5 Steps Florida Employers Should Take to Protect Trade Secrets

By Brett P. Owens and Justin W. McConnell © Fisher Phillips July 21, 2021
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Florida Gov. Ron DeSantis recently signed into law the Combating Corporate Espionage in Florida Act, and it will take effect on Oct. 1. The new law was created to protect intellectual property in Florida from theft by foreign governments and their agents—but the act also creates important new considerations for employers in their efforts to protect their closely held trade secrets.

Likewise, the act also re-emphasizes considerations for employers who hire employees from their competitors. Here's what Florida employers need to know about this new law, and the five steps they should consider taking to put themselves in the best position to protect trade secrets.


Most notably, the act establishes a new second-degree felony for any person who traffics in trade secrets and clarifies that a trade secret can include information or documents stored in electronic form. Therefore, any employee who, without permission, takes trade secrets or confidential business information from their employer now risks far more serious criminal liability.

In addition to enhancing the criminal penalties for trafficking in trade secrets, the act now requires Florida courts to order restitution when a person steals or traffics a trade secret. The act specifies that the restitution must include the "value of the benefit derived from the offense, including any expenses for research and design and other costs of reproducing the trade secret that the person has avoided by committing the offense."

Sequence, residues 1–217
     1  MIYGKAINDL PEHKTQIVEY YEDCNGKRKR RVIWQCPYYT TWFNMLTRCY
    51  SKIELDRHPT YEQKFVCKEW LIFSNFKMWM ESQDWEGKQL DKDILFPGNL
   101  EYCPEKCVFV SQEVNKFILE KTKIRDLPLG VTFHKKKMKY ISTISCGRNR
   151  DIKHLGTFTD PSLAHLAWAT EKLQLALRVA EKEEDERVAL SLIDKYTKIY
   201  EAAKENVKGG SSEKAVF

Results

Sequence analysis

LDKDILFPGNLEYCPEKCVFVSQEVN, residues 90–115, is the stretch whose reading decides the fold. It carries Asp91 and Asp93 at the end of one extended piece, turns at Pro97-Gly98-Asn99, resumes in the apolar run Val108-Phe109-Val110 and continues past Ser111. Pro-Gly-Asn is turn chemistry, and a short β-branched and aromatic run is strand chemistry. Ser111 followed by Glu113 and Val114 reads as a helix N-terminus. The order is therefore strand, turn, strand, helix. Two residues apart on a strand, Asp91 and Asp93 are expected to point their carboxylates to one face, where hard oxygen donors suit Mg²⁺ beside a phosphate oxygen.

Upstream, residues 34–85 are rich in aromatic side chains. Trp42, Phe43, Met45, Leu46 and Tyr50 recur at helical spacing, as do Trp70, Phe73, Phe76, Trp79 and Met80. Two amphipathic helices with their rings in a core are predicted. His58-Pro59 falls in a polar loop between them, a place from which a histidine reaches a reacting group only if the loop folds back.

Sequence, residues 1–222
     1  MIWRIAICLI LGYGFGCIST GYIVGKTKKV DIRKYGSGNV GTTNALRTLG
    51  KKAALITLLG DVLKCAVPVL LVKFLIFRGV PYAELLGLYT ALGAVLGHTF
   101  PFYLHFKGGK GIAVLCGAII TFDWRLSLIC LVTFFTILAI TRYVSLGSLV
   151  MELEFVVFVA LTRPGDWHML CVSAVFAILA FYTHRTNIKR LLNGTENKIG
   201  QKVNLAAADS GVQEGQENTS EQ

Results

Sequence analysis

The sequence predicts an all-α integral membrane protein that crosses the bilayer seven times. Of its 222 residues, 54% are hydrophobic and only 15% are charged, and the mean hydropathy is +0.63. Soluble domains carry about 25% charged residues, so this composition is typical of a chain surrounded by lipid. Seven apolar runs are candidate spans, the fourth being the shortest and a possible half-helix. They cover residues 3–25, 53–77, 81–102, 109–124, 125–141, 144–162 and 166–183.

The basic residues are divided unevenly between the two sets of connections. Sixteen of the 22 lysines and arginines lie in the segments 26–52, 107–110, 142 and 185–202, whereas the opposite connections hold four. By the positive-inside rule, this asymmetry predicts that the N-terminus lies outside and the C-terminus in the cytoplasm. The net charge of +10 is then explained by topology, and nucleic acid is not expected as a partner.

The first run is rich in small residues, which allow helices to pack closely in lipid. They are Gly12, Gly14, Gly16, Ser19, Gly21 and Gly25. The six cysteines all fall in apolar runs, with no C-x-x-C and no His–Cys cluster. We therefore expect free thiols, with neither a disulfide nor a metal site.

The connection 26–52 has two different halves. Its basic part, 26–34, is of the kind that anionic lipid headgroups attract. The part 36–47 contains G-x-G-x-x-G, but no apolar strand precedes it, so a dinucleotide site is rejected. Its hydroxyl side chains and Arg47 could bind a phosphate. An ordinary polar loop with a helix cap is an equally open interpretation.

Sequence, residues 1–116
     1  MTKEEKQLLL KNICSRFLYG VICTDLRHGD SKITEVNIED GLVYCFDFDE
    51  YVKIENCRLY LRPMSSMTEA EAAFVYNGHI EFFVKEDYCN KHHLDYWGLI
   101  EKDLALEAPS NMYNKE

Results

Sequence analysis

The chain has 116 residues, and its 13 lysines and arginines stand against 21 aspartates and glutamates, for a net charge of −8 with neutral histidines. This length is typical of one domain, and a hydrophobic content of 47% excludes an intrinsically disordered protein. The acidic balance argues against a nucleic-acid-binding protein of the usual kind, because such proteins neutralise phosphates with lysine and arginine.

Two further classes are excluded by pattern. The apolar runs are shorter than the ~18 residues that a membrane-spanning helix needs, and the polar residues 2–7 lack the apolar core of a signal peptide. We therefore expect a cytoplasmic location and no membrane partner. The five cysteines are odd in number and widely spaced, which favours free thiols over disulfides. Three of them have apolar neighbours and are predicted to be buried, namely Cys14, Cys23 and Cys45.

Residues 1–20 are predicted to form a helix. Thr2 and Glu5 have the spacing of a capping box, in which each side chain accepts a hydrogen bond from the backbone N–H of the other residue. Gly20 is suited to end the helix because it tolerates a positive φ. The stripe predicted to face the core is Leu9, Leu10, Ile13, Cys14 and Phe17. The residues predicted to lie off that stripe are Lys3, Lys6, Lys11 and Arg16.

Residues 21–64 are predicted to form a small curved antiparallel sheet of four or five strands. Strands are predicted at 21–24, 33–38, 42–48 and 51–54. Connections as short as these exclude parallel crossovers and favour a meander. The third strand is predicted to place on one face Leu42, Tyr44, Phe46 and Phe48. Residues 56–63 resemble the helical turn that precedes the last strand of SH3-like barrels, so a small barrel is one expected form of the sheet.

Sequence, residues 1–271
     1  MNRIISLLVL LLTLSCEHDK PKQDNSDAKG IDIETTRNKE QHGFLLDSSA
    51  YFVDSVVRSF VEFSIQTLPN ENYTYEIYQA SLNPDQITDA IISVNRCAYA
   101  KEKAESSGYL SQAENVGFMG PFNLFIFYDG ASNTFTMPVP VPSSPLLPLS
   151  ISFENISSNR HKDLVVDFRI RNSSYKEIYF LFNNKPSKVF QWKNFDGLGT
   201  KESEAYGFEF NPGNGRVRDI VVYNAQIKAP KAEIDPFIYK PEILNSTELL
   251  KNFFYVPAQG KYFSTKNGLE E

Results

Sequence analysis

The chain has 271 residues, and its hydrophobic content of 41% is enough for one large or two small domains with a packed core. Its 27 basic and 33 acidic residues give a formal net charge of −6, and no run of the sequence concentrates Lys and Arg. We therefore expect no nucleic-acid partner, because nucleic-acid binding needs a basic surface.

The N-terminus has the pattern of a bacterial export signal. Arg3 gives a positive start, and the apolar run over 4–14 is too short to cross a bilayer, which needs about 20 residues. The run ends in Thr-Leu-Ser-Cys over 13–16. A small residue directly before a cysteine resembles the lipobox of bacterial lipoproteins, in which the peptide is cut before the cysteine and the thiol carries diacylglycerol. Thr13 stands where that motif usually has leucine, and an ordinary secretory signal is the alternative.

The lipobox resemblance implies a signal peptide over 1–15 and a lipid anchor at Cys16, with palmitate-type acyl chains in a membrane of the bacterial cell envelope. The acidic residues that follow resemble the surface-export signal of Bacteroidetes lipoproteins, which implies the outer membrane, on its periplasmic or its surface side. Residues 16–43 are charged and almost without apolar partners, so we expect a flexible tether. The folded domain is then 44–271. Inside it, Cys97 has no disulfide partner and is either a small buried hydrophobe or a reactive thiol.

Therefore, if the development of a trade secret was expensive and time consuming, then the restitution ordered could be substantial in amount and broad in scope. This provides greater protection for the victims of trade secret theft.

The act also establishes the right for trade secret owners to seek injunctive relief in civil court and, "in exceptional circumstances," the right to recover a reasonable royalty for the use of a trade secret. Although similar remedies are already available under the Florida Uniform Trade Secrets Act and the Florida Valid Restraints of Trade or Commerce statute, employers can now bring claims under all three statutes to stop the use of a stolen trade secret and recover compensation when a trade secret is illegally taken or used.

Employers can reduce potential claims or disputes over trade secrets by taking the following five steps.

1. Create policies and procedures to protect trade secret information. 

Review existing policies and make any necessary updates to address issues that arise with using information stored electronically. Whether new policies are implemented or existing policies are maintained, you should ensure that employees receive notice of company policies and confirm their receipt and understanding of the policies. Additionally, you should consider whether confidentiality agreements are necessary for employees who routinely have access to confidential, proprietary, and trade secret information.

2. Restrict access to trade secret and confidential information.